Computer-literatured folks usually put keyboard, mouse, scanner and other substitute peripheral devices into one category: input devices - tools to feed data into the computer. While keyboard is long been recognised as standard input device, mouse and other peripherals are often considered as computer ergonomics to make operating a computer easier.

With more than 2000 build-in commands, plus countless custom key bindings in different modes, Emacs's true power can only be released by swiftly typing long keyboard commands, mostly backed by muscle memory. E.g., Ctrl + u, Ctrl + u, TAB to reset the outline view in org-mode.There is a comprehensive set of commands for moving course around in Emacs, by characters, by words, by sentences, switching between buffers, Emacs knows it's way around. Any other input peripherals, including mouse, will only slow a true Emacs power user down.

GNU Emacs is primarily designed for use with the keyboard. While it is possible to use the mouse to issue editing commands through the menu bar and tool bar, that is not as efficient as using the keyboard.

To be productive, one needs to know his tools and get the best that money can buy. Unfortunately there are not many keyboards on the market which are designed particularly with Emacs in mind. To understand what is a good Emacs keyboard, we need to understand a bit of history about Emacs and the old good Lisp machines.

Emacs key bindings, shortcuts you may call them, were designed specifically for the space-cadet keyboard which is commonly used for Lisp machines in the 80s. In those keyboards, Ctrl key is the main modifier key and Meta is right after it as the secondary modifier. In today's IMB PC keyboard, the Meta key has been replace by Alt and the Ctrl key is placed in the corner far away out of thumb's reach. Strange enough, in spite of the fact that IBM has changed the keyboard layout and made Ctrl one of the most costly key to press, almost all the software designs have followed the tradition of using Ctrl key as the main modifier key along with the HCI guidance published by IMB itself and Apple.

img (Source ❐)

Fast forward to 2012, most people are likely to acess more than one computers in day to day life, with variety of operating systems, physical characteristics (laptop, desktop, tablet…) and of course, different keyboard layouts. Among all these variables, the positioning of Ctrl key tend to vary the most. This is killing Emacs users like me.

Remap Caps Lock Key is a popular solution to the ever change Ctrl key positioning. It is partly based on the fact that traditional UNIX keyboards typically had the control key where the Caps Lock key is now. This is not without caveat that it may decrease efficiency if you like to use both Ctrl keys. On the positive side, the position of Caps Lock key seems to be very consistent across all keyboards.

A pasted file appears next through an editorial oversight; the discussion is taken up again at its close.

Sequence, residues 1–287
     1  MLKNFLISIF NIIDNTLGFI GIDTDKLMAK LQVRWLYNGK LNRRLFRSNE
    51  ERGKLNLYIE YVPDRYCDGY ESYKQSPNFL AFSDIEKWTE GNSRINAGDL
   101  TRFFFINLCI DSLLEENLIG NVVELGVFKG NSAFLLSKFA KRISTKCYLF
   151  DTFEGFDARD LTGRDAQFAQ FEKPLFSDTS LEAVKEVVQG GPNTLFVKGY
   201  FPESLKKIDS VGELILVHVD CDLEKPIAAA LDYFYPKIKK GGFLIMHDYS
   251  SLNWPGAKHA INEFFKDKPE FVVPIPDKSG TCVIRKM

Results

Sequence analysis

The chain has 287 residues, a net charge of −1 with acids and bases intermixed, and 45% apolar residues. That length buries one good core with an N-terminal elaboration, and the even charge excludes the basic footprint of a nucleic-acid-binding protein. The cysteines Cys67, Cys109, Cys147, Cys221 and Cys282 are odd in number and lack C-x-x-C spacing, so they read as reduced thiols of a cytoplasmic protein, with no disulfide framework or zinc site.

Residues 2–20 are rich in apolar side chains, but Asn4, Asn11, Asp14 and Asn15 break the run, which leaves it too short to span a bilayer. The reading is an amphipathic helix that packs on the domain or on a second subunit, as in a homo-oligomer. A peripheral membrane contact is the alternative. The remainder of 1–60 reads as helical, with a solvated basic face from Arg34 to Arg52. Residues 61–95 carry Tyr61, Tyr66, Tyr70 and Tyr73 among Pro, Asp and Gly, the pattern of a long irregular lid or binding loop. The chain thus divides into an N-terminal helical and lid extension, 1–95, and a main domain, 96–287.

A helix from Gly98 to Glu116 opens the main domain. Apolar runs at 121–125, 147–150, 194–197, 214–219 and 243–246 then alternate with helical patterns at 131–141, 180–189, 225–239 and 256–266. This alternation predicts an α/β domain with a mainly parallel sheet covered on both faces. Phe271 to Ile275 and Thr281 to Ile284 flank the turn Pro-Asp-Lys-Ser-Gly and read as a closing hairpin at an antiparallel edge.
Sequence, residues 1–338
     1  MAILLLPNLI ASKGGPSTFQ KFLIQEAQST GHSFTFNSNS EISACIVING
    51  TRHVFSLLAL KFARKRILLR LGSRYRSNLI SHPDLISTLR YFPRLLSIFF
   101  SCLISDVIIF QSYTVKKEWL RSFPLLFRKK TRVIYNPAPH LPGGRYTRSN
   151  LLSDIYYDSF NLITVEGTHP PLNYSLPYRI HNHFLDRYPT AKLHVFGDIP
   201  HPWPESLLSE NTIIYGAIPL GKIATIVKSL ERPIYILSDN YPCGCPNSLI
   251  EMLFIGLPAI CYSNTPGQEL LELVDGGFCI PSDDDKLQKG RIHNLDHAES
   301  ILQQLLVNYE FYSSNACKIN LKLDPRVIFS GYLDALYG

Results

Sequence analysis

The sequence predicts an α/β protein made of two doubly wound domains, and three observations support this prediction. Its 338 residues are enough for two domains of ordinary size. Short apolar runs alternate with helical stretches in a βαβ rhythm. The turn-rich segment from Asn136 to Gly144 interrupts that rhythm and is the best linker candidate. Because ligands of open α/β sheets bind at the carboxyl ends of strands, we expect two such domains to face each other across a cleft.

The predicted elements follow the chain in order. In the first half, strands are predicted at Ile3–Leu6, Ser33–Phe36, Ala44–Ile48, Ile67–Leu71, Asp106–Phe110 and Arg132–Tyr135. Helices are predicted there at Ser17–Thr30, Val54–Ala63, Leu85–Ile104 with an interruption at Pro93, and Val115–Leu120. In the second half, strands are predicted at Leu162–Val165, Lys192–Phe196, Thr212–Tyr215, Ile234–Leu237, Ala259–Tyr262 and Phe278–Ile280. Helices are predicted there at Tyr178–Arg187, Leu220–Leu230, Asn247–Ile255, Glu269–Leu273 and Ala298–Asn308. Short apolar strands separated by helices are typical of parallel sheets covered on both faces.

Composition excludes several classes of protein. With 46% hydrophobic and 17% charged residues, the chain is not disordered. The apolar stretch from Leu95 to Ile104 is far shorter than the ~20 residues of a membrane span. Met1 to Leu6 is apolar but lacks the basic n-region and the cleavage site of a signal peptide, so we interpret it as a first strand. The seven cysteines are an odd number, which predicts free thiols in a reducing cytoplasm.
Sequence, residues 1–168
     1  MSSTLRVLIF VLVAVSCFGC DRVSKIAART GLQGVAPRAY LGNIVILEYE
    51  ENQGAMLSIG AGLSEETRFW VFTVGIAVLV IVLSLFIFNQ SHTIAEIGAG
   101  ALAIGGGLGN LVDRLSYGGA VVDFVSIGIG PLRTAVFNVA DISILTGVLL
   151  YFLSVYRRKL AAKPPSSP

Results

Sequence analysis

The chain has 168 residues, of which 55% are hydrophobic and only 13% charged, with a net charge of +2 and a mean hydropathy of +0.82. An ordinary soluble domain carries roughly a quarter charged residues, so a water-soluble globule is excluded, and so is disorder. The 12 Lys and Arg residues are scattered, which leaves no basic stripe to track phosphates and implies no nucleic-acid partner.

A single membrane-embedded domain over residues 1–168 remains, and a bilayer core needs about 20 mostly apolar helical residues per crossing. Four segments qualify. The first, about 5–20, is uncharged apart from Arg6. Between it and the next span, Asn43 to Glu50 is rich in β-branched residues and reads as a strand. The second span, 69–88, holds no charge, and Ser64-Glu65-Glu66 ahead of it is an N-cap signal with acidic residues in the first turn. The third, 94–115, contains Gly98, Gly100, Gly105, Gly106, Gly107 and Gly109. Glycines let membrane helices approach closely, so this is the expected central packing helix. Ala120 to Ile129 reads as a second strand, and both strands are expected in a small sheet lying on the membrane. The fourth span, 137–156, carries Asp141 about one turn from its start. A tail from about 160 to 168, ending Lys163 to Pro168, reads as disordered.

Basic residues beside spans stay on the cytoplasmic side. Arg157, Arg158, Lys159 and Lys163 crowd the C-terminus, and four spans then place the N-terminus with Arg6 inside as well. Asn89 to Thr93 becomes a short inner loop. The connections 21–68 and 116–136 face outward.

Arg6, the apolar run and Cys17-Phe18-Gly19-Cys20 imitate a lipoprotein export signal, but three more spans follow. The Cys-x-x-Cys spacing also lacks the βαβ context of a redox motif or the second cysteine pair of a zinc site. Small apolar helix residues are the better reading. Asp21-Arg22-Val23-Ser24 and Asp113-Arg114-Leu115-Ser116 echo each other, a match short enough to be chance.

Remap Caps Lock key solves the problem of Ctrl key, but what about the Meta (alt) key? It tends to be shoved into strange places by manufactures in favour of their useless function keys. The solution - nothing beats a good keyboard itself in terms of Emacs efficiency.

Good Keyboard, Bad Keyboard

img (Source ❐)

This is without doubt one of the best accessible keyboards you can get as a programmer. It has split keys oriented for each hands, very large modifier keys. Most importantly, they are symmetrically positioned on each side, which is the perfect design for people use modifier keys a lot. If that doesn't satisfy you, you can even re-map the modifier keys with the IntelliType software which comes with the keyboard. For example, you can swap Ctrl and Alt keys to make the keyboard function exactly same as original Symbolics Keyboards.

On the other hand, Mac keyboard is the worst in terms of Ctrl key positioning everything. It is understandable that Apple put the ⌘ key in the prominent position where Ctrl would be in Symbolics keyboards - Ctrl is only the tertiary modifier in OS anyway. However, the quality of this beautiful keyboard is pouring. Sticky, sluggish, almost has no reflex-action and extremely mushy, even the key stroke noise is unbelievably annoying. It is definitely one of the worst membrane keyboards out there. I can only wish Apple bring the old good Apple Extended Keyboard back.

img (Source ❐)

While most consumer keyboards use membrane switches, it's gleeful to see a few quality mechanical-switch keyboards out there on the market, most of them are elite gaming keyboards with flashy back-lit lights. Back to our Emacs world, we have some less known but especially designed for geeks keyboards, plain, simple but incredible powerful, just as our dear pal Emacs. The top one on my list is the wonderful wonderful wicked Happy Hacking Keyboard Professional 2. It cost almost £300 for a S-Type (quieter version, mechanical switches are VERY load). It is designed for people who know what a good keyboard should be.

img (Source ❐)

There you go, we have the very pleasing Microsoft Natural Ergonomic 4000 keyboard, the extremely bad new shining Apple wireless keyboard which you should avoid at all costs. If you take typing seriously, it is definitely worth considering investigating on a Happy Hacking Keyboard Professional2.

Searching for the perfect Emacs keyboard continues.